Electrospray synthesis of porous cathode material for lithium ion batteries

Over the decades, batteries have evolved from primary to secondary systems providing more compact and lighter power sources. Among them, lithium-ion batteries (LIBs) standout because of their high energy density, zero memory effect and relatively long cycle life. However, their application is limited only to consumer electronics like mobile phones, laptops, digital cameras and other portable devices. With improved performance and cost, these batteries would be used in emerging applications like smart grids, implantable medical devices, sensors or electric vehicles. To meet these emerging energy needs, state-of-the-art LIBs that can offer the appropriate safety, size, cost, power and energy density are needed. Consequently, a lot of research is underway and different studies have embraced new materials and new ways of engineering them (Nitta et al., 2015).

Usually, the stored energy of a lithium-ion battery can be enhanced by increasing the specific capacity of the cell, maximizing the potential difference between the electrodes and by reducing the amount of inactive material. For this reason, cathode materials are solely made from lithium metal oxides which provide a stable source of lithium in air and a relatively high potential. For instance, LiCoO2 is widely used in commercial LIBs due to its outstanding stability and high operating voltage. However, it is considered expensive and toxic hence efforts to identify a safer and cheaper material have led to the investigation of different compounds like Li-Ni-Mn oxides. Though promising, the commercialization of these oxides is limited by the capacity fading during charge/discharge cycles, which is attributed to the resulting volume changes (Fujimoto et al., 2013).

To solve the above problem, studies have shown that hollow or porous structures can be effective. Such structures would offer more reaction sites, provide improved electron transport and create effective tolerance to the volume change during cycling (Pei et al., 2016). Therefore, ways of making the desired structures have been explored and among them are chemical solution routes and template-assisted synthesis. Nevertheless, the active materials are usually mixed with a conductive agent and a polymer binder, which interfere with the hollow and porous structure. Taking into account that the fabrication of batteries in thin film form is of great interest in making miniaturized electronic devices, electrospraying is expected to simplify the production of additive free electrodes (Hu et al., 2014).

Therefore, this study uses electrospraying for the synthesis of LiNi0.5Mn1.5O4 (LNMO) cathode material.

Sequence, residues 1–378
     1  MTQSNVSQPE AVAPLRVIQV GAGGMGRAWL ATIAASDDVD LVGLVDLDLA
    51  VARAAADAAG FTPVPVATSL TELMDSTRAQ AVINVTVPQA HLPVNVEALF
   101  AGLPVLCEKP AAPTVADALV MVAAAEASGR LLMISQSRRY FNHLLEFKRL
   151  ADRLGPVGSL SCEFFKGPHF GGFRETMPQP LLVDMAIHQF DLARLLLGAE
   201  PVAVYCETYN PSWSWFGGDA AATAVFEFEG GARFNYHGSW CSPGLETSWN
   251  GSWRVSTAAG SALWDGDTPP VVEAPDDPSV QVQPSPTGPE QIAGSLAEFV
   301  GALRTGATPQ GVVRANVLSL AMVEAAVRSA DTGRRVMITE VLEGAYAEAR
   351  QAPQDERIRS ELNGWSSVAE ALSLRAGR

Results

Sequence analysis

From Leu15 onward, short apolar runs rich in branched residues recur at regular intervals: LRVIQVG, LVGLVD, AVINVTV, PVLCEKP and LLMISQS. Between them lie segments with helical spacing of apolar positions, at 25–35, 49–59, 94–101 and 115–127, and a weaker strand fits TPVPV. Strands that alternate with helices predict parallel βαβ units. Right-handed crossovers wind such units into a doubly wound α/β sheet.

LNMO is synthesized from a precursor solution consisting of stoichiometric amounts of the respective nitrates in 2-propanol. Before spraying, the physical and chemical properties of the liquid precursor such as density, surface tension, conductivity, concentration and viscosity are determined. Since we are spraying in cone-jet mode, the scaling laws according to Yurteri et al. (2010) are applied to predict the droplet and particle sizes. As a result, it is possible to ensure that the final particles are very small and in the nano range. This is a great advantage since electrochemical performance has been reported to improve with the reduction in particle size (Huang et al., 2001). Considering that the aim of this study is to tailor the surface morphology, experimental parameters like deposition temperature, deposition time, nature of the substrate, liquid flow rate and the applied voltage have been controlled to suit preference. The latest results on this study will be presented at the conference.

This work is supported by Delft University of Technology, Netherlands and the International Science Programme, Uppsala University, Sweden.


  1. Fujimoto, K., Shimura, Y., Ito, S. (2013) ACS Combinatorial Science 15, 626 – 630.
  2. Huang,      H.,      Yin,      S.C.,       Nazar,      L.F.      (2001)
  3. Electrochemical and Solid-State Letters (10), A170-A172.
  4. Hu,T., Xin, G., Sun, H., Sun, X., Yu, M., Liua, C., Lian,
  5. J. (2014) Royal Society of Chemistry Advances 4, 1521.
  6. Nitta, N., Wu, F., Lee, J. T., Yushin, G. (2015) Materials Today 18, 5.
  7. Pei, Z., Li, Z., Zheng, X. (2016) Journal of Nanoscience and Nanotechnology 16, 9028 – 9049.
  8. Yurteri, C.U., Hartman, R.P.A., Marijnissen, J.C.M. (2010) KONA Powder and Particle Journal 28, 91 –115.

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